The more management at Jos. A. Bank (NASDAQ: JOSB) digs in its heels in resistance to the merger offer made by Men's Wearhouse (TLRD), the greater the pressure for the men's clothier to acquiesce. 

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Eminence Capital, which excoriated Men's Wearhouse for failing to negotiate in good faith over the original tie-up bid, has now lashed out at Jos. A. Bank for engaging in the same stonewalling tactics of its rival. But it's willing to go even further than it was ready to before, because the Men's Wearhouse offer is seen as superior to Bank's, and it wants to see this deal done.

While it was willing to take both sides to court to get the management teams to move off the dime, Eminence now says it will also launch a proxy fight to nominate two directors to Jos. A. Bank's board, just as Men's Wearhouse is doing. While it supports Men's Wearhouse's own board nominees, and says it will withdraw its own candidates if the retailer's nominees are still in the running at the time of the annual meeting, it wants to make sure that the heat is as high as possible on Jos. A. Bank to complete the deal.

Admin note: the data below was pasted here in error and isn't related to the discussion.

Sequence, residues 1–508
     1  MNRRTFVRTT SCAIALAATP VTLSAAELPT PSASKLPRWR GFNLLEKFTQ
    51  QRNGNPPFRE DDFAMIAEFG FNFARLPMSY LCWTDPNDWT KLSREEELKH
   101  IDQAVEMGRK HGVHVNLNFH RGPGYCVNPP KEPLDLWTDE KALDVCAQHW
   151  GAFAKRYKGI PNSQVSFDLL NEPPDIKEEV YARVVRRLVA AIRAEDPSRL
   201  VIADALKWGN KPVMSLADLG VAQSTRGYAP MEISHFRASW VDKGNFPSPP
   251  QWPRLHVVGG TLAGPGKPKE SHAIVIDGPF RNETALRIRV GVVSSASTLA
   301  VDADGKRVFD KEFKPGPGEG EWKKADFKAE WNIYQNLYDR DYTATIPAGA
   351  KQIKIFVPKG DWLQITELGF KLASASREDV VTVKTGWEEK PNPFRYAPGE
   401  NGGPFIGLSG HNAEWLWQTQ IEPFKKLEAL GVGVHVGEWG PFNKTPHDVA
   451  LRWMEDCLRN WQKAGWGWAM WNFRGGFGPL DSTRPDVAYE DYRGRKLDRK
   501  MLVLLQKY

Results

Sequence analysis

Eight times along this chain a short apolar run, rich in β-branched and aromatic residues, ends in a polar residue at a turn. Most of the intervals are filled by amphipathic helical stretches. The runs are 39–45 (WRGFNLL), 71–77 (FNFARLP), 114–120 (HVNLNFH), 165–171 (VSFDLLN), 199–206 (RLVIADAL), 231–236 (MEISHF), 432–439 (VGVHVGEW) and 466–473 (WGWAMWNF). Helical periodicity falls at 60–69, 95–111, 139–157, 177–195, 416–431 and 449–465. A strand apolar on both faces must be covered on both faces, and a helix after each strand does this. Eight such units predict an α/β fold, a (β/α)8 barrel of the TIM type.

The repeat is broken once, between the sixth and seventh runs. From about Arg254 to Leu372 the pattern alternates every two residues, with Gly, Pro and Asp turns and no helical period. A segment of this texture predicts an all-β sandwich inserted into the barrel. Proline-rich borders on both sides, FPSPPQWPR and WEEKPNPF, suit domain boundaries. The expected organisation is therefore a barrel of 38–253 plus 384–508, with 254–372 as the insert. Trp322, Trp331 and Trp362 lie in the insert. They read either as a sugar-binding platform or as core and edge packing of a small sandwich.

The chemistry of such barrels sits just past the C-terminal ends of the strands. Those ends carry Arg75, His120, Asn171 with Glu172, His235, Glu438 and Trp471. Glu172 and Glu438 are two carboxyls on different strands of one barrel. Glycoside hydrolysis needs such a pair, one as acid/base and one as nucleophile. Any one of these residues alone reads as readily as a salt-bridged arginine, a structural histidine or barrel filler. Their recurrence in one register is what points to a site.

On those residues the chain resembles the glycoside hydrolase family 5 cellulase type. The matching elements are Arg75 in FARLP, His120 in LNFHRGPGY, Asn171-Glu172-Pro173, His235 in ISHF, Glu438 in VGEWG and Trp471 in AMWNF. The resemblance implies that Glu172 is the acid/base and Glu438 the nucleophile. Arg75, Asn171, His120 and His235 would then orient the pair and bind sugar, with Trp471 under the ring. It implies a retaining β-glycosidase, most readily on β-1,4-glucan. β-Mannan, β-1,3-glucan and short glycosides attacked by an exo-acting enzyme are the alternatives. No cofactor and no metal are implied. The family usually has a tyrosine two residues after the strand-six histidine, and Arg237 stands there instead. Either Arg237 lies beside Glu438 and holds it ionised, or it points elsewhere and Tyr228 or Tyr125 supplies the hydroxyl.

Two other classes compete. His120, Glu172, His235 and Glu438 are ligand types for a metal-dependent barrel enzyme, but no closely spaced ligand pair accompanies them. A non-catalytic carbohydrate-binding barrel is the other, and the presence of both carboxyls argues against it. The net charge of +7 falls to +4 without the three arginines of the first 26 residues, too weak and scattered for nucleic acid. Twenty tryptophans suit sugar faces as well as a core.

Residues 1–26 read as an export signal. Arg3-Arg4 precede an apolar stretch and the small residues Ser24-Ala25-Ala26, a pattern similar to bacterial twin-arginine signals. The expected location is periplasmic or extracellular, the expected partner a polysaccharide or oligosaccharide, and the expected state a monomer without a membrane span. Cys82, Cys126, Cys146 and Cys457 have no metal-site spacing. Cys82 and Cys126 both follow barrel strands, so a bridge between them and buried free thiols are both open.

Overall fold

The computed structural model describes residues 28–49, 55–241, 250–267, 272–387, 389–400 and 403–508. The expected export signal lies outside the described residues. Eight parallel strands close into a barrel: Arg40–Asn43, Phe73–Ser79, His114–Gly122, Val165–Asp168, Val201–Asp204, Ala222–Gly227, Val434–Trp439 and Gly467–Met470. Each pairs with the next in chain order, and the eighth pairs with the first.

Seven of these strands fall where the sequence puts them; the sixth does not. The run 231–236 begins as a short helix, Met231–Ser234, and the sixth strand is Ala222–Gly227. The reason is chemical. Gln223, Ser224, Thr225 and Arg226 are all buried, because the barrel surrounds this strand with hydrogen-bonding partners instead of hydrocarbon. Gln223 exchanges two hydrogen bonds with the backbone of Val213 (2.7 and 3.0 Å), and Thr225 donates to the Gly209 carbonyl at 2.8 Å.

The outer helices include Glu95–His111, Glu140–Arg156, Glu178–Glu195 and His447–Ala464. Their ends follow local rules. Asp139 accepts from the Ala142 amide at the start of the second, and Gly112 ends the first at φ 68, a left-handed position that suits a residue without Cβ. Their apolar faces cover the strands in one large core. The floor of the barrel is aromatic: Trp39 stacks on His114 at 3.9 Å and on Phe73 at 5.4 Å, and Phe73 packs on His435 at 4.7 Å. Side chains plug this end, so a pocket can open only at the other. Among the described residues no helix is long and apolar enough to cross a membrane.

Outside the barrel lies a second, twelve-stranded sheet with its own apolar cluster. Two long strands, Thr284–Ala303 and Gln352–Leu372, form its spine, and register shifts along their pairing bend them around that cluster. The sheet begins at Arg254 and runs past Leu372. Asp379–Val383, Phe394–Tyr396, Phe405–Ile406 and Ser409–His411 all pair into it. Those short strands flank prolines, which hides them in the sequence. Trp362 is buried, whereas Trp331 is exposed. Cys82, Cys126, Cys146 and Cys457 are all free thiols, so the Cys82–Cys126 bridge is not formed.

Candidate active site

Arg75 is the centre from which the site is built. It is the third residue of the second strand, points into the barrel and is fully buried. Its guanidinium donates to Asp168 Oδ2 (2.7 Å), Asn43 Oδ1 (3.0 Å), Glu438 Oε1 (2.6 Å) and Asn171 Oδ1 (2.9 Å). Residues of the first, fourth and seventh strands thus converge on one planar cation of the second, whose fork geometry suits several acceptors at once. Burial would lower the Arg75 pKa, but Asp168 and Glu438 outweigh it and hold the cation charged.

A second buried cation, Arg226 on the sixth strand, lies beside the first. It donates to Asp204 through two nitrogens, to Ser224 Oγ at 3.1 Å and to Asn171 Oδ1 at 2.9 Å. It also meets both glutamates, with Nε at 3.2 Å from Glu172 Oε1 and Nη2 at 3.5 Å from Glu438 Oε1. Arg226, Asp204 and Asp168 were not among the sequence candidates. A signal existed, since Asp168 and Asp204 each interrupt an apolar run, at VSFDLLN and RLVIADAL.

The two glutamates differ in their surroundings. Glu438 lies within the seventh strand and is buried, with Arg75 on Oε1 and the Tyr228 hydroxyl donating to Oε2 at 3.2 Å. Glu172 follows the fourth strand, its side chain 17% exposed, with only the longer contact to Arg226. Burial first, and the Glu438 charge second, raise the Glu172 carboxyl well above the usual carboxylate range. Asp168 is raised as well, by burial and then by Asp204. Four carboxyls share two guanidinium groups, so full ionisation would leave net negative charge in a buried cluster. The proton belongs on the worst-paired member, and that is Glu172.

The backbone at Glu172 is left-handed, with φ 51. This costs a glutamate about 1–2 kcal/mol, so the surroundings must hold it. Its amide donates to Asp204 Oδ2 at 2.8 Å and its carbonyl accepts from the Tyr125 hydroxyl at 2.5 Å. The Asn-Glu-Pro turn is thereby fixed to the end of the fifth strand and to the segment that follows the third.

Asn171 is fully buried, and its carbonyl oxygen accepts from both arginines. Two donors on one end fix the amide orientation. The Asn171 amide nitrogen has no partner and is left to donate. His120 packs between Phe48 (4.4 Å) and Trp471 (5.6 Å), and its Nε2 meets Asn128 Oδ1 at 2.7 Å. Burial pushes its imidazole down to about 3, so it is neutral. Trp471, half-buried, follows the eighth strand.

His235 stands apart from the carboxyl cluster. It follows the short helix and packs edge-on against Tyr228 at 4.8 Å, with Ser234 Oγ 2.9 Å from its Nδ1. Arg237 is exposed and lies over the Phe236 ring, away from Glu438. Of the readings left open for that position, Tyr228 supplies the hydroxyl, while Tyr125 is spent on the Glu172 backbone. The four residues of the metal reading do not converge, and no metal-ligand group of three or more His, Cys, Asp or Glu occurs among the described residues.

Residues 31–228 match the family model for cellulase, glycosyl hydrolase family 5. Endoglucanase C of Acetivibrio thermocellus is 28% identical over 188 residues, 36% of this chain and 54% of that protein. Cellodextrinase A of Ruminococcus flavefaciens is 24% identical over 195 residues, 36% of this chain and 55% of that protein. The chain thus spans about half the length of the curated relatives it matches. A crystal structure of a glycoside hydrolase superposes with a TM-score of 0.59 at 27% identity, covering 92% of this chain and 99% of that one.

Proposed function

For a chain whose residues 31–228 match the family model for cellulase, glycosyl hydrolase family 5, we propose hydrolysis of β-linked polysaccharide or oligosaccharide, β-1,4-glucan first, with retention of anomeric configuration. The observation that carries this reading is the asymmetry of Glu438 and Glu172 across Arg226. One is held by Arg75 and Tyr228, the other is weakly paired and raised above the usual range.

With Jos. A. Bank Chairman Robert Wildrick and CEO Neal Black up for election this year, there would be a wholesale change at the top for the retailer should either slate be successful.

The hedge fund owns a 4.9% stake in Jos. A. Bank, and just under 10% in Men's Wearhouse. It has argued that the merger would be good for both companies -- in fact, the companies themselves have separately argued it would be good for them -- because the men's clothing industry is highly fragmented and the clientele demographics are actually complementary.

Men's Wearhouse has a younger target demographic than Jos. A. Bank's clientele, and covering the market more broadly would enable them to better challenge department stores, which also sell a lot of men's suits. Bank has noted that Macy's alone sells $5 billion worth of suits annually, and Nordstrom sold $1.87 billion worth of men's apparel in 2012. Saks, which was recently acquired by Canada's Hudson Bay, also sold about $500 million worth. 

According to NPD Group, tailored clothes for men recorded strong gains in the first half of 2013, with suit separates surging 55%, and sports coats up 14% during the January-to-June period. From October 2012 to October 2013, NPD says, men's apparel generally was up a more modest 3.5%.

Yet despite the strength in the market, both companies have been faulted for their internal practices. Men's Wearhouse ousted company founder George Zimmer, while Jos. A. Bank shareholders rejected  its CEO's pay package. Their shares, though, have outperformed the market generally.

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With the pressure on Jos. A. Bank being ratcheted up another notch, I don't see investors gaining any further advantage. There's more downside risk should the wheels come off the merger, so holding on to shares of Jos. A. Bank at this point seems to be the greatest danger.